Curaleaf is one of the largest cannabis companies in the world. They currently have ten retail locations in the State of Illinois. They recently announced a $950K contribution advancing social equity in Illinois. As part of Curaleaf’s “Rooted in Good” Initiative, the fund will be dispersed among six local Chicago Partners.
- Illinois Cannabis Business Development Fund, $300,000
- Managed by the Illinois Department of Commerce, this fund is intended to provide technical assistance and training to support prospective entrepreneurs interested in applying for cannabis business establishment licenses.
- Olive-Harvey College – $250,000
- The college, located on the Southside of Chicago which is an area that has been disproportionately harmed by the War on Drugs and cannabis criminalization, will be introducing an educational cannabis program, as well as a paid internship and scholarship program.
- Growing Home – $100,000
- Chicago’s leading expert in farm-based training for people with employment barriers will continue to provide on-the-job experience, job-readiness and help people overcome issues like criminal records and medical needs.
- North Chicagoland Community College. – $100,000
- As an educational partner, North Chicagoland Community College. is developing and introducing a cannabis program that will educate, mentor, and provide internships and career opportunities within cannabis for students.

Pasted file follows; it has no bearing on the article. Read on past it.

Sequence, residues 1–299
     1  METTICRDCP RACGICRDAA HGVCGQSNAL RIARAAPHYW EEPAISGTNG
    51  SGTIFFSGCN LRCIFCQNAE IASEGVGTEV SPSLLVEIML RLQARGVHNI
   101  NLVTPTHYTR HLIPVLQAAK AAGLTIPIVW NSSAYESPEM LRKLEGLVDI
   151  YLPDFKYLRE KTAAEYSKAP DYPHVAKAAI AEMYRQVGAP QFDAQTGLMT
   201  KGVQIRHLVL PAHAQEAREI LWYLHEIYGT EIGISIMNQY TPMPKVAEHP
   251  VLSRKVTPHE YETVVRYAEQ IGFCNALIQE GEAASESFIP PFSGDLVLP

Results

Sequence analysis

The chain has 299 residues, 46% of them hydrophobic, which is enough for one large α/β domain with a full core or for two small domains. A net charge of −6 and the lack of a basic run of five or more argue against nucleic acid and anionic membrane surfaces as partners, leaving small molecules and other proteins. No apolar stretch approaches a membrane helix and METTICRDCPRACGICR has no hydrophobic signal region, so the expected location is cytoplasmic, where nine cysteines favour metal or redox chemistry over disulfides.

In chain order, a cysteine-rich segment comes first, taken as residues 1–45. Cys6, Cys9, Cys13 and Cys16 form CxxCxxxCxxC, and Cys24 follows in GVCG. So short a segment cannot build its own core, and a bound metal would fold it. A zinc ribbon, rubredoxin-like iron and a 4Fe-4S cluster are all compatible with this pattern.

- Greater West Town – $100,000
- Providing educational and economic opportunities for disadvantaged residents of the Greater West Town communities—areas that have been disproportionately harmed by the war on drugs.
- Cara Chicago – $100,000
- Working with people affected by poverty and challenges like recovery, domestic violence, episodic homelessness, and incarceration. Cara Chicago helps unlock the power and purpose within the community and its people to achieve real and lasting success.
The “Rooted in Good” Initiative seeks to provide opportunities in communities where marijuana was criminalized. Currently, black people are still more likely to be arrested for marijuana possession than white people in every state, including those where marijuana is legal according to the ACLU. Many Black and Brown people were incarcerated in an industry that is now mainstream. Curaleaf believes that the greater cannabis community must rededicate themselves to righting those wrongs.
April 20 is normally a day people spend enjoying the cannabis community and products, however, Curaleaf wants to change 4/20 into a social justice day.
How can people support social justice on 4/20?
Engaging in thoughtful conversations within our communities about how to mitigate the harm caused by the War on Drugs and underscoring the importance of Black and Brown people being leaders in the industry moving forward.
- Supporting products and companies that are intentionally creating a more just society.
- Calling legislators to continue encouraging them to support criminal justice reform related to cannabis crimes.
- Encouraging cannabis businesses to commit to hiring and promoting people from historically disadvantaged communities and/or people previously incarcerated for cannabis crimes.
- or making donations to organizations focused on social justice in our community.
Rooted in Good works to ensure the development of a more inclusive industry. As part of their initiative, Curaleaf is reaching out to communities touched by cannabis-related offenses. They have pledged to employ at least 10% of all 2021 new hires from these directly impacted communities. Curaleaf is also adding diversity in the cannabis industry by working with 420 new cannabis brands, suppliers, and advocacy organizations from underrepresented communities.
The Chicago Defender had a chance to discuss equity in Cannabis with Curaleaf’s Chicago Corporate Social Responsibility Manager, Raheem Uqdah.
Danielle Sanders is a journalist and writer living in Chicago. Find her on social media @DanieSandersOfficial.